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My Manga World Author Jeannie Lee always had an affinity for comics and cartoons—she grew

My Manga World

Author Jeannie Lee always had an affinity for comics and cartoons—she grew up with Korean comics (man-hwa) as a child and was a devoted Disney fan. When she first discovered Japanese manga and anime, however, she knew she was hooked for life. Jeannie started drawing at a very young age, and her supportive parents found a talented local contemporary Western artist by the name of Ji Young Oh, who took Jeannie under her wing for over seven years. Jeannie considers Ms. Oh to be the most important artistic influence in her life. Her education also included two years of studying traditional character animation at California Institute of the Arts; from this education spawned interests in Flash animation and working with vectors. Jeannie considers herself very fortunate to be able to indulge in many types of artistic expression and plans to continuously increase her skill set in the years to come. Currently, Jeannie is a digital artist at Gaia Interactive, and she has worked for Marvel Entertainment, Inc., TOKYOPOP, and UDON Entertainment. When she isn’t working, she indulges in various crafts and hobbies, such as knitting.

TOKYOPOP, and UDON Entertainment. When she isn’t working, she indulges in various crafts and hobbies, such

The Art of Manga

Materials

Basic Shapes

Shading

Composition

Drawing Heads

Drawing Hair

Drawing Facial Features

Full Figure Male

Full Figure Female

Different Body Types

Male Hero

School Girl

Ninja

Basic Manga Principles

Choose Your Own Adventure

Manga Meet & Greet

CONTENTS

Finding Inspiration from Real Life

Manga-fy This!

Conquer the Manga-Verse

MANGA BASICS The Art of Manga
MANGA BASICS The Art of Manga

MANGA BASICS

The Art of Manga

MANGA BASICS The Art of Manga
MANGA BASICS The Art of Manga

Manga is the Japanese word for “comics,” which literally translates to “whimsical pictures.” It is generally used to describe comics that are made in Japan, but it is also loosely used to describe comics that resemble Japanese comics, even though they are not created in Japan. The four major types of manga are shônen, shôjo, seinen, and jôsei. Shônen, or boys’ manga, is action-packed and usually includes sports, science fiction, or fantasy elements. Dealing with romance, comedy, and coming-of-age drama, shôjo manga is aimed at junior high school and high school-aged girls. Adult male audiences read seinen manga, which offers business and crime stories, as well as historical and military dramas. And for young and middle-aged women, jôsei manga focuses on career, family, and romantic dramas. There are also manga for food enthusiasts, gamers, and other hobbyists. Most manga is produced in Japan and translated for overseas audiences, but original manga and manga-influenced works can increasingly be found in Korea, China, France, and America as well. Discover the art of manga with the instruction in this book, produce your own manga, and become a part of the growing global manga community!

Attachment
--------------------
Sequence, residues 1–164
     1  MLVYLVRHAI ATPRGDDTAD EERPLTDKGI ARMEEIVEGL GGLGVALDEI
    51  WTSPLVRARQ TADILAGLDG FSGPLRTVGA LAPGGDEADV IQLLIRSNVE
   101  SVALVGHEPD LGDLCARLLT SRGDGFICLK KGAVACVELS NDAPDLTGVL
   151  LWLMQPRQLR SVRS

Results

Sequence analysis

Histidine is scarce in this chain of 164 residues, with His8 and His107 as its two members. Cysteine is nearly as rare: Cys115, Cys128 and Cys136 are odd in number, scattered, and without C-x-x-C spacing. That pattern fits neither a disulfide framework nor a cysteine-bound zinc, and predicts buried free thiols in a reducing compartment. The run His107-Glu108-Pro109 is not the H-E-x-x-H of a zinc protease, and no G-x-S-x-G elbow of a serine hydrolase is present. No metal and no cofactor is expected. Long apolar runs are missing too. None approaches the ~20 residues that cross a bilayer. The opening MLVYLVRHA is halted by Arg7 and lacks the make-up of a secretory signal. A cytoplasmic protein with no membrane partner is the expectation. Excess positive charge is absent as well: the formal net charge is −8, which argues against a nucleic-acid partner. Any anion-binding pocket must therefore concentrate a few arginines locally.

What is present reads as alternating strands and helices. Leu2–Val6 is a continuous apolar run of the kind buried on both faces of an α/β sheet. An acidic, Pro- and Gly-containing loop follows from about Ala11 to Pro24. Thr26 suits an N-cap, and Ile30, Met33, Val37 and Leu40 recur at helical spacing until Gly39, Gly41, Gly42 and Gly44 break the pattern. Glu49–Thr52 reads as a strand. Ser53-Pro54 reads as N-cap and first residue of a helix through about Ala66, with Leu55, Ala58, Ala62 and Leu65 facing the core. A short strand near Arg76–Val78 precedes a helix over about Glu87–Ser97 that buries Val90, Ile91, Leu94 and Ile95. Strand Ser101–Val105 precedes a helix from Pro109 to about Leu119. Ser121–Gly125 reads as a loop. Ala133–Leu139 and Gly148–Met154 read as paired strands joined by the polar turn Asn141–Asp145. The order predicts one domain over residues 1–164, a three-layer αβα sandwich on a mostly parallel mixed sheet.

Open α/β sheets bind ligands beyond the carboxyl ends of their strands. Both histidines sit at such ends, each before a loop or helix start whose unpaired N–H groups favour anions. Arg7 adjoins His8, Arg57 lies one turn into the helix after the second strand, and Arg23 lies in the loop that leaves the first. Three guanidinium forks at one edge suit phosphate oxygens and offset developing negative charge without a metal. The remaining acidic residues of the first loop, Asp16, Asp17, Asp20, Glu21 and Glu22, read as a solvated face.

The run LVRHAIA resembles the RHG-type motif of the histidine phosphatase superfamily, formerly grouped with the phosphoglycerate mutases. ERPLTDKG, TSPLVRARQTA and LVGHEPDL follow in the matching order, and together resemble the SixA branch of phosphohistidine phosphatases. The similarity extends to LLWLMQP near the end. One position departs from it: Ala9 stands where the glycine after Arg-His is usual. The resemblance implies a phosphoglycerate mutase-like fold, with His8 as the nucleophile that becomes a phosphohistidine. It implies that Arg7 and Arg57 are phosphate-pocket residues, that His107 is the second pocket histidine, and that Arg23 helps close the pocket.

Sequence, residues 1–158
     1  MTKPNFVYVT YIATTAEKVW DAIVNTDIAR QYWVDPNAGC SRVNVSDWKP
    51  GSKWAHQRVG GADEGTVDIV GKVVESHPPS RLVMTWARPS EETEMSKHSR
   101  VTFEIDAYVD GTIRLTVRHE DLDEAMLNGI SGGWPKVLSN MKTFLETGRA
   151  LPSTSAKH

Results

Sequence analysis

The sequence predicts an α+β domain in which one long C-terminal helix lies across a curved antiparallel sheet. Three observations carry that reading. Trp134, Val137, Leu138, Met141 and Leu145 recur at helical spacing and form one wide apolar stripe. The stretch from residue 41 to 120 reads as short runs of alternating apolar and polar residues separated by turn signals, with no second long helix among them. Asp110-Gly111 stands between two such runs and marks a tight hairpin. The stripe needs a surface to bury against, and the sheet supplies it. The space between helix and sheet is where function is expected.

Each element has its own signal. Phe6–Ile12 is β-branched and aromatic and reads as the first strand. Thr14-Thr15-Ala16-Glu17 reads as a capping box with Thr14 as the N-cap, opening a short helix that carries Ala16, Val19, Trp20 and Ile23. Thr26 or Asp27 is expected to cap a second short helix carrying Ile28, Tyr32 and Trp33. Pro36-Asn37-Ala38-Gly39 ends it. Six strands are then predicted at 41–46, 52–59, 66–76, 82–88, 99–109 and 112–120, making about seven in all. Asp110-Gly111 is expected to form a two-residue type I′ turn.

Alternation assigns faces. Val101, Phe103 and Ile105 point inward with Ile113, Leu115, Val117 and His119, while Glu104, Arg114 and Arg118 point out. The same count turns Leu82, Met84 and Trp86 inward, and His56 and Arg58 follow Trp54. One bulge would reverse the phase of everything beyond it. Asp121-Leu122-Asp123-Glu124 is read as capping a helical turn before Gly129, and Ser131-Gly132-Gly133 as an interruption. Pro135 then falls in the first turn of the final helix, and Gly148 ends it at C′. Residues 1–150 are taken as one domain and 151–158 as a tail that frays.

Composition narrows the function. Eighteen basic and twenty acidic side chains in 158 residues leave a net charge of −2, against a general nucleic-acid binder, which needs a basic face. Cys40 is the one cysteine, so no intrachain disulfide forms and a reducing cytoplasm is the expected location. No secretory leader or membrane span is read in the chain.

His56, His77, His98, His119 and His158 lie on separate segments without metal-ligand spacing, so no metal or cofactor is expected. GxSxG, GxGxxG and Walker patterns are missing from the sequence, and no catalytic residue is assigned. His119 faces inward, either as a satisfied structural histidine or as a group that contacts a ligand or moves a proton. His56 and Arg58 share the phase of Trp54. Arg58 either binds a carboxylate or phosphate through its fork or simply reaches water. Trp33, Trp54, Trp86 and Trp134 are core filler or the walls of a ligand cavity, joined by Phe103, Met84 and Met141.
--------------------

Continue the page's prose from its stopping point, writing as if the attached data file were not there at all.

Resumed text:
Tip

In Japan, a mangaka, or manga author, has assistants who help with details, backgrounds, and screentone. Most manga artists start off as assistants before attaining full mangaka status, but it is possible to gain recognition through contests and skip the apprenticeship stage. You too can become a mangaka!

Materials

Here are the basic materials you’ll need to begin creating your own manga.

Pencils

An HB pencil is great for beginners, but you may also want to try out the other lead types, which vary in hardness and value. Try a non-photo blue colored pencil for initial sketches and be sure to keep your pencils sharp. Use a rubber eraser to clean up mistakes and unneeded pencil lines.

Pens

Use an ink pen if you want to ink your drawings. You can also experiment with different types of pens, such as dip, brush, and ballpoint pens for different effects. It is recommended to use waterproof ink for more permanent results.

Using Different Pens Use a fine-tipped pen for smooth, consistent lines. To emphasize elements in

Using Different Pens Use a fine-tipped pen for smooth, consistent lines. To emphasize elements in an image, go over them with a bold brush pen. Dip pens are fun because you can create a wide variety of line widths with just one tip, depending on pressure, or how hard you push down as you draw.

Rulers

To draw borders and straight lines, use a standard 12” ruler. Consider purchasing a triangle ruler, protractor, or stencils for various types of lines and curves. When inking, use a ruler with an inking edge for cleaner drawings.

Coloring Tools

Color your drawings with markers, colored pencils, or digital coloring.

inking edge for cleaner drawings. Coloring Tools Color your drawings with markers, colored pencils, or digital

Paper

Use a sketchbook to thumbnail your ideas and start recording your own manga chronicles. It may also help to use comic layout paper with pre-printed borders. For more finished drawings, use a heavier white paper with a smooth finish, such as Bristol board.

Screentone

You may want to purchase pre-printed screentone patterns to add texture and shading to your artwork. Cut out the screentone, peel off the protective backing, and place the screentone on your drawing. Next, adhere it to the paper by firmly rubbing with a burnisher. Remove excess screentone with a screentone eraser.

Inking Edges

An inking edge provides a gap between the ruler and paper, preventing ink from bleeding into the paper. If you can’t find beveled rulers with inking edges, make your own by taping pennies to the bottom of your ruler.

edges, make your own by taping pennies to the bottom of your ruler. Raised beveled ruler

Raised beveled ruler